It’s a church that draws people from across class and religion. Now, a film that captures Mt Mary, is headed to the LA festival
When we call Lavy Pinto, a captain in the merchant navy, to fix an appointment to discuss The Mount of Faith, a documentary he has co-produced with his friend Daniel Meinrad (also a captain in the merchant navy), he’s adamant that we watch the film first — even though it means that he must travel from Bandra to Tardeo at 11 pm to hand us the DVD.
The next morning, when we reach Mount Mary Church, Bandra’s famous landmark, we understand why. The 40-minute-long film draws your attention to details of the over 100-year-old church that, despite countless visits, we have missed. Besides just noticing the basalt, limestone and Malad stone that make up the structure, we notice, as pointed out in the film, how the church is shaped like a cross. The film also tells us why we cannot see Mother Mary’s hand holding baby Jesus. In the 16th century [the shrine existed for centuries before the church around it was built], Arab pirates had plundered the shrine and chopped off the Lady’s right arm. A sculptor later replaced it with the statue of baby Jesus.
Among the many devotees that director Etienne Coutinho captures in the film is actor Salman Khan, who discusses his connection with the church
The documentary, filming for which was completed in July 2014, will be screened at the Los Angeles Cinefest this month. The film is a collaboration between Saint Paul Multimedia and Sandhya Films & Creations.
Architect David Cardoz points to the black, cream and brown coloured walls of the church in a still from the documentary
Pinto says the idea occurred to him when he was sitting with his wife on the steps of the church. “The initial idea was to make a film on St Francis Xavier in Goa. But then, I felt, being a Bandraite, why not make one on Mount Mary which has such a rich history?” The documentary has been directed by painter Etienne Coutinho, who claims to be a non-believer in idol worship. “I was adamant that I’d not make a devotional film. I didn’t want it to be a cloying, sentimental film. In the true spirit of documentary, what I wanted to do was open the lens and capture people’s faith as they saw it,” says the Bandra resident. He feels the story of Mount Mary is closely intertwined with the development of Bombay, now known as Mumbai. “By the 16th century, most of the islands and Mahim had been given to the Portuguese. This marks the emergence of Christianity in Mumbai and the emergence of Mt Mary.”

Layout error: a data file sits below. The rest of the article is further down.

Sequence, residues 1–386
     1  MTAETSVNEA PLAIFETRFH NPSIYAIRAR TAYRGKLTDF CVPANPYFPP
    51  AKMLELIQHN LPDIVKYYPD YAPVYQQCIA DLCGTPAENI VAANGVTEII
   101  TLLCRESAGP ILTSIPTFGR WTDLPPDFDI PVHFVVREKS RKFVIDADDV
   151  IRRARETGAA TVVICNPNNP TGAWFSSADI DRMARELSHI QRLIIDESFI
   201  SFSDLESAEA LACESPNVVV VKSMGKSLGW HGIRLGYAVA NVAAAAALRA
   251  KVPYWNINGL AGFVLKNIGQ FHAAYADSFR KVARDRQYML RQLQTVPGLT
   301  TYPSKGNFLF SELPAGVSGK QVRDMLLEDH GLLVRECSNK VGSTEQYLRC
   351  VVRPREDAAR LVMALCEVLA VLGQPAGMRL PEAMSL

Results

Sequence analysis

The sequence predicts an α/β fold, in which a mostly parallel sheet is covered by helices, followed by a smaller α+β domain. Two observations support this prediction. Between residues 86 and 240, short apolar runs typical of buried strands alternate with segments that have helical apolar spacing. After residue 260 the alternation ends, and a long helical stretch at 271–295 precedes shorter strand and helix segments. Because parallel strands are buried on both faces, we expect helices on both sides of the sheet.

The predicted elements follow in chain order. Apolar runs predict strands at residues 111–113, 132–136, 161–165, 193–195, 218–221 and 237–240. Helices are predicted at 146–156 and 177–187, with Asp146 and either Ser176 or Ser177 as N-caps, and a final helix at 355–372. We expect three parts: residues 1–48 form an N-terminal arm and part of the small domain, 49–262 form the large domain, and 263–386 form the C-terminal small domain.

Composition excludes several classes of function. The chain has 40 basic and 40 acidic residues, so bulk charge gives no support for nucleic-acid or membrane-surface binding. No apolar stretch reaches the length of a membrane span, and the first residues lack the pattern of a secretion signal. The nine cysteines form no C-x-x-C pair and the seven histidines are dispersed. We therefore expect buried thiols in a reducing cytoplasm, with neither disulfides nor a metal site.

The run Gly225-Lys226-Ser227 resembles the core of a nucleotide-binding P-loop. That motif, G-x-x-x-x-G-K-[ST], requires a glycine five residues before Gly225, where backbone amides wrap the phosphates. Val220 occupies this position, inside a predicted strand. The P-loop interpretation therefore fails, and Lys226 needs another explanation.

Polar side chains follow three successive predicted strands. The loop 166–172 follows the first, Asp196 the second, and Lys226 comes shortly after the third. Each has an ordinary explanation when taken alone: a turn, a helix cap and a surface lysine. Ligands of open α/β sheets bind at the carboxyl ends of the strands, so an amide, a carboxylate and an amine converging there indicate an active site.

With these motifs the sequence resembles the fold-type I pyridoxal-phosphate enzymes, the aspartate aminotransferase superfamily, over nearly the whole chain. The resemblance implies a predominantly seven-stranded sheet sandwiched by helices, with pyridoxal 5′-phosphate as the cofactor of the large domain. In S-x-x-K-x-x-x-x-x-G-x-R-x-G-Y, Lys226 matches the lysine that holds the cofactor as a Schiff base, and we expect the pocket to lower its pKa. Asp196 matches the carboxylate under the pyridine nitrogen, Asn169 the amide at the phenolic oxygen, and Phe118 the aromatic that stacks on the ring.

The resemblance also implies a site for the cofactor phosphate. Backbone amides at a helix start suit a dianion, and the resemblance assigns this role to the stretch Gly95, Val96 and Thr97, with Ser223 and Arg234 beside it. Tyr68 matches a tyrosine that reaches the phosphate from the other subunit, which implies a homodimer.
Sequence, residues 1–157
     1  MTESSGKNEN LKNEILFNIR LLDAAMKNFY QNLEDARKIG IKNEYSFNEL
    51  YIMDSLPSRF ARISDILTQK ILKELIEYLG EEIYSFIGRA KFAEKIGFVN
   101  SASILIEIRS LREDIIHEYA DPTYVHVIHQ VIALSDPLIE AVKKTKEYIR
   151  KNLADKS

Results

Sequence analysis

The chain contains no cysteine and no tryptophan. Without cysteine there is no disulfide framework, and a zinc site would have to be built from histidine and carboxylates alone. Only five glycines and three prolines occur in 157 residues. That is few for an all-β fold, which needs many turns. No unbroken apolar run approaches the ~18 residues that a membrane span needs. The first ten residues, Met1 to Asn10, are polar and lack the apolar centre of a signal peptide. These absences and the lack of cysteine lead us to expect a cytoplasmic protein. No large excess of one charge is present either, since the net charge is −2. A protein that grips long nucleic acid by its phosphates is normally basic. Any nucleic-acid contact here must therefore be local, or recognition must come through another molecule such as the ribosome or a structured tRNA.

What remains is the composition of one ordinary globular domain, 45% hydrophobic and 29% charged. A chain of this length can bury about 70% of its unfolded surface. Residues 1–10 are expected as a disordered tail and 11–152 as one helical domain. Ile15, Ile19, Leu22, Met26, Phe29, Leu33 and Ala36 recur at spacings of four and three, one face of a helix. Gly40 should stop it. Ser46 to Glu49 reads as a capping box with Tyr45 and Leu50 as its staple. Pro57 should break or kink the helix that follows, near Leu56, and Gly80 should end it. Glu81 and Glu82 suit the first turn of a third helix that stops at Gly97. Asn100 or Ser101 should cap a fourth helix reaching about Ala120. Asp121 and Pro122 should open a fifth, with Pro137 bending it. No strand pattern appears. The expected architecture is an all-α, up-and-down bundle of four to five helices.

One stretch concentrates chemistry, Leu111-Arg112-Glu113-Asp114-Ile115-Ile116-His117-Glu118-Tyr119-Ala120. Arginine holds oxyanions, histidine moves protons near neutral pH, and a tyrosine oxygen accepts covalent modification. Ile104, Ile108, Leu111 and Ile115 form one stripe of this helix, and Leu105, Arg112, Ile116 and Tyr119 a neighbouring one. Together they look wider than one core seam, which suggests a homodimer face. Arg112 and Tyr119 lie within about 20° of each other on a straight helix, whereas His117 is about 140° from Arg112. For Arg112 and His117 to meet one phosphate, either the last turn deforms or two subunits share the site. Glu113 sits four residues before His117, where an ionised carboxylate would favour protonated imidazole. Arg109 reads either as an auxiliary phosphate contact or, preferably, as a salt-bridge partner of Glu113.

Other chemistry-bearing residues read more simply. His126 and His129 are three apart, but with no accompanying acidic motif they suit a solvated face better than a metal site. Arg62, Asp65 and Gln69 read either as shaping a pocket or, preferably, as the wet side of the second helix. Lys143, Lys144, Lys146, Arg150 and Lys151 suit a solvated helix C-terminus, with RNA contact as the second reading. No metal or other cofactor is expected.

Producer Lavy Pinto with Laxmi Vishwanathan, a language teacher who features in the documentary. Pic/Pradeep Dhivar
The film weaves in voices of pilgrims with the history of the church from the perspective of historians, architects and religious heads. “We would wait at the church all day, and approach pilgrims who were willing to share stories of faith. Some stories came to us,” says Coutinho.
Among them was Romeo Fernando who reached out to Coutinho when he found out about the film. Fernando’s father had been commissioned by Father Longinus to paint the statue of Mother Mary 30 years ago. In the film, he recalls how his father would get debilitating migraines. “As he started painting, he prayed to mother Mary and sought help for the ailment. Miraculously, after he was done with the painting, we never saw him getting the headaches.”
The film also features language teacher Laxmi Vishwanathan, whose aunt was diagnosed with a terminal illness in 2008. Vishwanathan recalls visiting the basilica, praying fervently for her aunt’s recovery. “The best doctors in the city had said she would not survive. But one fine morning while she was still in hospital, she turned to her husband and said, ‘darling can I have a cup of tea.’ What more can I say?” she says, her voice choking with emotion.
A big draw of the film is that it features actor Salman Khan, but not as we know him. Sitting in the premises of the church, Khan goes on to reveal how the place offered him solace during the upheavals in his life. “I don’t remember asking for anything. But I knew mother Mary knows why I’m here,” he says in the film.
Pinto has one regret, however. He missed including Mumbai police. “A police inspector who manages security during the Bandra Fair, told me how he and some of his colleagues have been visiting the shrine for years now. That, every year, after managing the crowds, they spare a few minutes for themselves and sit in the church.”
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